|The skull of St. Valentine.|
All we know about him is that he was buried along the Via Flaminia (an ancient Roman road which led from the city to the Adriatic Sea) on February 14th. We're not even positive about the year, but it was likely during the third century. His name does not appear in the earliest known Roman martyrology (the list of Christian martyrs from in and around the city of Rome) which was published in 354, but he was added to the Roman calendar of saints in 496 by Pope Gelasius I, who remarked that he was to be commemorated as one of the many saints "...whose names are justly reverenced among men, but whose acts are known only to God." According to pious tradition, there were actually two individuals who are both celebrated as martyrs on February 14th: a priest from Rome and a bishop from Terni who bore the same name. The two lived about about 50 years apart but both died as martyrs for the Faith during the third century. Each was buried after his martyrdom in a grave along the Via Flaminia, just at different distances from the city. But it is the former, who has come to be known as St. Valentine of Rome, that is usually considered the St. Valentine.
Throughout the years, at least seven known saints have also shared this name, though they have different feast days. But the one commemorated today continues to be remembered most widely. Despite the rumors you might have heard, he is still found on the Catholic Church's official list of saints, but because so little is known about him, his feast day was removed from the Church's General Calendar in 1969. Local calendars (those of dioceses, etc.), however, are still permitted to commemorate him on February 14th. There are many churches dedicated to this and other saints named Valentine (we'll touch on one in particular a little later). And one church in Rome, the Basilica of Santa Maria in Cosmedin, displays what is believed to be the skull of St. Valentine (the Roman martyr/priest).
This day is one of the more obvious examples of Catholic origins of another of our popular celebrations. "But what about the romantic part? How does that fit in?" you might be asking. How did the name of a Christian martyr(s) become entangled with notions of love and fidelity (at best) or a raunchy money-making holiday (at worst)? Well, it seems we owe this to two things: the fourteenth century English poet Geoffrey Chaucer and a case of mistaken identity.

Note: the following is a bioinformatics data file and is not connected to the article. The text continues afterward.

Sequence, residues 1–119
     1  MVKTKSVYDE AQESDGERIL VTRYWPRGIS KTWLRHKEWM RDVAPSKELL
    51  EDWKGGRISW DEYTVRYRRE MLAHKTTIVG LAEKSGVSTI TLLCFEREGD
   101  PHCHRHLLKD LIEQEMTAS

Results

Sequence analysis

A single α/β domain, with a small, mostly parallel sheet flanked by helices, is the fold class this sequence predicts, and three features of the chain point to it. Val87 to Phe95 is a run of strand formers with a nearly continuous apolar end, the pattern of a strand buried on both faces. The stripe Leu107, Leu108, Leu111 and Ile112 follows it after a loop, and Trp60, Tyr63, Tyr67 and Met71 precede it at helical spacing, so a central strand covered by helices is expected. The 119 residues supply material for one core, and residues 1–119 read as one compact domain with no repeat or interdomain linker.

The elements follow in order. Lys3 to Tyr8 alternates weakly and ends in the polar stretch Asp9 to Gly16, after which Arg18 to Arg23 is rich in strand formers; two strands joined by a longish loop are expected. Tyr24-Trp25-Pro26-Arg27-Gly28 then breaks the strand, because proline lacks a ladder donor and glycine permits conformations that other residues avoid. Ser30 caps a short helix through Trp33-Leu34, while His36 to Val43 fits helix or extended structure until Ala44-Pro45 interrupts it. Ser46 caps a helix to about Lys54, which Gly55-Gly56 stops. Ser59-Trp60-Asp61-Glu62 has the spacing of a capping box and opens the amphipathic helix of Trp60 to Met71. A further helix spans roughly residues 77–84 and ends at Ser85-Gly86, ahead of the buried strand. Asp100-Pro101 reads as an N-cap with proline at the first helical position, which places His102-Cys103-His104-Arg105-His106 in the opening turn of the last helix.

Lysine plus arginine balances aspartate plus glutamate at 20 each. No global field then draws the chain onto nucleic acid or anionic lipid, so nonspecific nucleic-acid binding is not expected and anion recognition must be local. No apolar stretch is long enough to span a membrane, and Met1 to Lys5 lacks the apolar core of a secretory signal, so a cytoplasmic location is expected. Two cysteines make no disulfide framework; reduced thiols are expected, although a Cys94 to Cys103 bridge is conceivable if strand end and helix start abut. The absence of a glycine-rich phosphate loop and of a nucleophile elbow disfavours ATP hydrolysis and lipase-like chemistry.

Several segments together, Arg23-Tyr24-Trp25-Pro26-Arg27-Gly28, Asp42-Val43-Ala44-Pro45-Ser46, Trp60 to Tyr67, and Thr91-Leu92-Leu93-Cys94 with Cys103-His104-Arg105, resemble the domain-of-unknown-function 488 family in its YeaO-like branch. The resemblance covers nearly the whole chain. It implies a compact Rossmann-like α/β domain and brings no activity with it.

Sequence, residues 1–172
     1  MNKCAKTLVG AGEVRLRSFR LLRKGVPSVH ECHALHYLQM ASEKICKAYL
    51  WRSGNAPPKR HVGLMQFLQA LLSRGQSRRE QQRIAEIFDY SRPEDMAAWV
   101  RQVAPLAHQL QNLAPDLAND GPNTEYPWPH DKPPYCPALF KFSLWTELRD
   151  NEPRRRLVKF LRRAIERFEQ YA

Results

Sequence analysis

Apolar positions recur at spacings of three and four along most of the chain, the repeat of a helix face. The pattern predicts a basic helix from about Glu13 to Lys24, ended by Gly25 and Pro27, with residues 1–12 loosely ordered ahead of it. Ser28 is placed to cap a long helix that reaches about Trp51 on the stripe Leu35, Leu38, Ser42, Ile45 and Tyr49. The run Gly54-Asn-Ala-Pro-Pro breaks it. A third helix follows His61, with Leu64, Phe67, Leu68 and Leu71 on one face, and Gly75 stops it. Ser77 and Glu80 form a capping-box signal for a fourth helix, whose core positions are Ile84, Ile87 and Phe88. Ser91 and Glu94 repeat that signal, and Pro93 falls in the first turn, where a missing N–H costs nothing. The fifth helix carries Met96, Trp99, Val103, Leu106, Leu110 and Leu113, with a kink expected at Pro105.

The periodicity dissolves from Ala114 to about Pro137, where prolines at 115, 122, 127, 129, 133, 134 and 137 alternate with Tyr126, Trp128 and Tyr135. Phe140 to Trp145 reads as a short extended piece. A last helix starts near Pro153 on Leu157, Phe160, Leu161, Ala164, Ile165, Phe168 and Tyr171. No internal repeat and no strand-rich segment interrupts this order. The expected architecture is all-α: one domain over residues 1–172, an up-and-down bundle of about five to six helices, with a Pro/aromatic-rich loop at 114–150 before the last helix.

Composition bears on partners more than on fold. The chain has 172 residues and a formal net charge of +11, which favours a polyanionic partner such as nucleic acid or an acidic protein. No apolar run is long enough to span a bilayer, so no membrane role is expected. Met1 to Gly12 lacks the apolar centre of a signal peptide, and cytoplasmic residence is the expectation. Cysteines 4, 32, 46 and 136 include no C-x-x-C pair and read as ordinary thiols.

In 1382, Chaucer published a poem honoring the first anniversary of the engagement of England's King Richard II to Anne of Bohemia. From history, we know that an agreement for the engagement was signed on May 2, 1381. Chaucer's poem, entitled Parlement of Foules, commemorates the date of the king's engagement in the following line:
"For this was on seynt Volantynys day
Whan euery bryd comyth there to chese his make"
Or, in modern English: "For this was on Saint Valentine's Day, when every bird comes there to choose his mate." For years, it was assumed by Chaucer's readers that February 14th was the day he was referring to, the day on which birds mated -- a good day for an engagement. Other poets and authors echoed the supposedly "ancient tradition" of St. Valentine's Day being a day especially suited for romantic pursuits. In time, it became hardened custom in western Europe. It was not until the 19th century in England that "valentines" began to be exchanged on a large scale but the engines of capitalism and consumerism powered a virtual revolution in the celebration of St. Valentine's Day in the 20th century as valentines (and candy, and flowers, and gifts, and...) came to be the norm rather than the exception.
Throughout the years, legends sprung up and were attached to St. Valentine's already largely-invented hagiography. One story, which was widely disseminated after it showed up in the popular Butler's Book of Saints (1894) even had the soon-to-be martyred Valentine sending a letter from his jail cell just before his death. Get it? The "first valentine." How cute.
But all of the attempts at connecting love and courtship to a saint whose feast day is on February 14th is based on a misunderstanding of Chaucer's words. You see, Chaucer was not referring to February 14th. Think about it: birds were, of course, very unlikely to be mating in the middle of February. But they were likely to be mating on May 2nd - the actual date of King Richard and Anne's engagement. And, May 2nd just happens to be the feast day of another St. Valentine - a fourth century bishop of Genoa, Italy (and one of the many saints who share this name).
Soooo..... Valentine's Day, as far as being a "romantic" holiday, really is every bit as invented as you might have suspected. Of course it is a good thing to show your significant other that you love them. Hopefully, it is apparent every day, but it is nice to have an excuse (even a made-up one) to celebrate romantic love - it is, after all, a great thing. And if, by chance, you completely forgot to get your favorite somebody flowers or a card today, having read this post, you can now convincingly argue that this whole day is based on a big old misunderstanding of a fourteenth century poet, and that you've got everything planned for the real St. Valentine's Day (the one Chaucer intended)... on May 2nd. Yeah.... Good luck with that.